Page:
FAQ



Ans : Forbes Marshall provides on-line monitoring solutions for the boiler feed water. The old method of laboratory analysis is now being replaced by on-line instrumentation. Many times, one needs to take samples of boiler feed water at different locations such as deaerator, feed water to economizer, boiler drum, superheater, condenser & so on. It exists at different temperature & pressures & thus, may not be suitable for sensors of the on-line analyzers. To take care of this problem, Forbes Marshall offers a complete solution, which is called “Steam & Water Analysis System (SWAS)”. In SWAS, the sample is first conditioned to bring it to temperature / pressure conditions acceptable to the analyzer sensors and then feeds it to the analyser. We are one of the largest manufacturers of SWAS in the world & supply these systems to more than fifteen countries.
Ans : There are several good methods available. If the water is hard, one needs to use softeners. For high salt contents, a Reverse Osmosis (RO) method would be essential. A De-Mineralised (DM) Water treatment plant would be required to get ultra pure water as boiler feed water. There would also be a primary treatment with filtration systems before the water undergoes the above mentioned treatment processes.
What is the need of boiler water treatment for industrial and process application?

Ans : Boiler water treatment is very crucial for industrial and process applications, as the life & efficiency of the plant equipment depend on it. Properly treated boiler water brings down issues related to corrosion, deposition and erosion. Corrosion and erosion are amongst the main reasons of plant equipment failure & loss in production hours. Well-treated boiler water ensures trouble free operation of the plant, in addition to increasing the life of the plant equipment.
7/14/2015 7:09:33 PM

Why do sample coolers fail?


One of the main reasons for sample cooler failure has been observed to be the failure of the sample coil due to stress corrosion cracking. Here is a detailed analysis of this problem :
       
Root Cause:
If the chloride content of cooling water is high as per cooling water specifications (i.e. more than 35ppm), we don’t recommend use of SS316 material for sample cooler coil. The reason being, sample steam entry is at a higher temperature and pressure. In such cases sample coil may be subjected to inter-granular corrosion resulting in stress corrosion cracking. Due to high hardness of cooling water there is formation of sludge and scales on sample cooler coils causing the above problems. Scales and sludge in the sample cooler is a non conductive layer formed on the water side of sample cooler coil causing reduced heat transfer efficiency
Symptoms: Failures in the coil are characterized by a thick wall, brittle-type crack. This may be found at locations of higher external stresses, such as near attachments.
Causes: SCC is most commonly associated with austenitic (stainless steel) materials and can lead to either transgranular or intergranular crack propagation in the tube wall. It occurs where a combination of high-tensile stresses and a corrosive fluid are present. The damage results from cracks that propagate from the ID. The source of corrosive fluid may be carried over into the super heater from the steam drum or from contamination during boiler acid cleaning, if the super heater is not properly protected. Other sources include scaling, deposition, mud and impurities that can travel in the pipelines during startups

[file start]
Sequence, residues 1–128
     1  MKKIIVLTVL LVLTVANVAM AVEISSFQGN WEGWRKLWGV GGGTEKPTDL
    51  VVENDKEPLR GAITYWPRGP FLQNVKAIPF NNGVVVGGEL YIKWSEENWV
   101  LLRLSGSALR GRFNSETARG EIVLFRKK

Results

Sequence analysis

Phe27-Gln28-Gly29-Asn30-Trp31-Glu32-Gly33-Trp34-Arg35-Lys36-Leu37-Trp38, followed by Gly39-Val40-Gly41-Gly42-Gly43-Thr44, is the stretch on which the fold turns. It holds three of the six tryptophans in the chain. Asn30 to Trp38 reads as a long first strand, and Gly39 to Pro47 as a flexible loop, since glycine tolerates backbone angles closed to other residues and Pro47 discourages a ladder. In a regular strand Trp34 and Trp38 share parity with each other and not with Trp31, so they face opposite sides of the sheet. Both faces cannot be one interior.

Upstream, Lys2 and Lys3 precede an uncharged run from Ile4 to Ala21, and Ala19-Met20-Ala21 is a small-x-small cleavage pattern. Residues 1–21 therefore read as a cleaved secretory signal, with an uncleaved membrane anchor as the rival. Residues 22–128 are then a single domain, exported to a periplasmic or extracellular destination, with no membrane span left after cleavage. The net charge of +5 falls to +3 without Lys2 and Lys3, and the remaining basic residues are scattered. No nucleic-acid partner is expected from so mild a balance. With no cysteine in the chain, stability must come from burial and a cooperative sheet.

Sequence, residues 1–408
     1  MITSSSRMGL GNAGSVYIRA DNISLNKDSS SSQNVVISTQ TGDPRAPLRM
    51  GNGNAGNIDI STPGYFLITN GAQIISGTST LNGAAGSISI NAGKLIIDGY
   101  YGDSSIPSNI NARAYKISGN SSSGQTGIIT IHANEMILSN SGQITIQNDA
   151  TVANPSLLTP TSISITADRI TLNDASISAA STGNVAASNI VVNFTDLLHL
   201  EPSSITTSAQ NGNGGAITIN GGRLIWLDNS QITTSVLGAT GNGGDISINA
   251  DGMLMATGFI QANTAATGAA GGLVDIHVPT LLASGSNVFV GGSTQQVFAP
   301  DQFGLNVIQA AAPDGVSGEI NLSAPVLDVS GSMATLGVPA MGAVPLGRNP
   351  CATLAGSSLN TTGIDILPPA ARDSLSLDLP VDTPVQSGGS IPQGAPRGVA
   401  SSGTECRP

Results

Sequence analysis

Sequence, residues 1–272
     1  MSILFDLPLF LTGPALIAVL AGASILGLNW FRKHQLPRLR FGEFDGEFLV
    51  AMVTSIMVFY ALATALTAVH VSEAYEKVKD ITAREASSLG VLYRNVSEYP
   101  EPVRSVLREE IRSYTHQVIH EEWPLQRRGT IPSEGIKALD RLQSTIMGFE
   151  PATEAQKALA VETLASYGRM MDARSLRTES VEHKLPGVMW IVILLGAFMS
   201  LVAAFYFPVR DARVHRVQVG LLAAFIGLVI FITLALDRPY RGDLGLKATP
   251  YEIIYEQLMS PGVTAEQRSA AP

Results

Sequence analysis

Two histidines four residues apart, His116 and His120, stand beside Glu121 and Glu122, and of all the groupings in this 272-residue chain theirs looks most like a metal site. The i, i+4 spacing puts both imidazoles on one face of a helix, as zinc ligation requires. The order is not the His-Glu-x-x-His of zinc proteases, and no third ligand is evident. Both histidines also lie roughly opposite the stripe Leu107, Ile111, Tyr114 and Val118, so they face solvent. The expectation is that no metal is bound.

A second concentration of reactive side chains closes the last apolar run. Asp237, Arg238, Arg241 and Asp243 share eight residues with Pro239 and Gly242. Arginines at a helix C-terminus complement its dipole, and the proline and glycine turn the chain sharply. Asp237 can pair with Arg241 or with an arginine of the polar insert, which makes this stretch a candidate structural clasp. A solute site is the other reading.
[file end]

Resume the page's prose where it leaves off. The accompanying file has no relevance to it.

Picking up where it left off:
Problems faced by the user:
1.      Scaling and sludge formation on  the water side of sample cooler
2.      Loss in sample cooler efficiency causing higher sample temperature at outlet of sample cooler
Solution offered:
We recommend use of alloy steels like “MONEL400”/ “INCONEL 625” for sample cooler coil. We can offer “Inconnel 625 coils” in our “DHx Series” high efficiency sample coolers. We have supplied such coolers in the Middle East and coastal areas of India where chloride content in cooling water is major problem. These coolers are available with IBR approval and certification.
Use of special material like Inconnel 625 reduces formation of non conductive layer, but, it cannot avoid it 100%. Thus following are remedies to this problem:
1.      D M Water is recommended for use as cooling water
2.      If it is not possible, softened water with very low hardness (CaCO3 & MgCO3) can be used, to reduce scaling problems
3.      Proper maintenance and periodic cleaning of sample cooler coils is must in cases where D M Water is not used for cooling purposes
To make maintenance easy:
1.      All coils in our coolers are removable – so if there is damage, you don’t have to replace the entire cooler – just coil replacement is possible
2.      The shell is removable without the need to dismantle the sample cooler. This facilitates cleaning of coils in a very simple way
3.      For routine maintenance, a drain plug is provided at the bottom of the shell. This facilitates quick cleaning of the shell, as the mud / sediments settled at the bottom can be easily removed
We believe that a good SWAS package is one that is engineered properly by people who have domain knowledge on (a) Steam engineering as well as (b) Control Instrumentation. The SWAS supplier should have enough strength in R&D to support the technology and to innovate (an ISO 9001 company). A good SWAS would effectively cool the sample with minimum cooling water requirement. It will reduce and regulate it’s pressure (using a well engineered pressure regulator – and not a pressure reducer) and it will also maintain the flow characteristic constant. The analyzers should be from a single source and with proven technology. User friendliness and ease of maintenance should be given due importance in selecting these analyzers. Analyzers that can measure parts per trillion (ppt) levels are available for parameters like sodium – such analyzers should be preferred. The analyzer should be chemist friendly and should have grab sampling feature for parameters like sodium, silica and phosphate. Non hazardous chemicals should be used wherever possible. Auto calibration feature should be insisted on, so as to reduce the hassle of maintenance. In short, SWAS should be selected looking into the end user requirements in mind.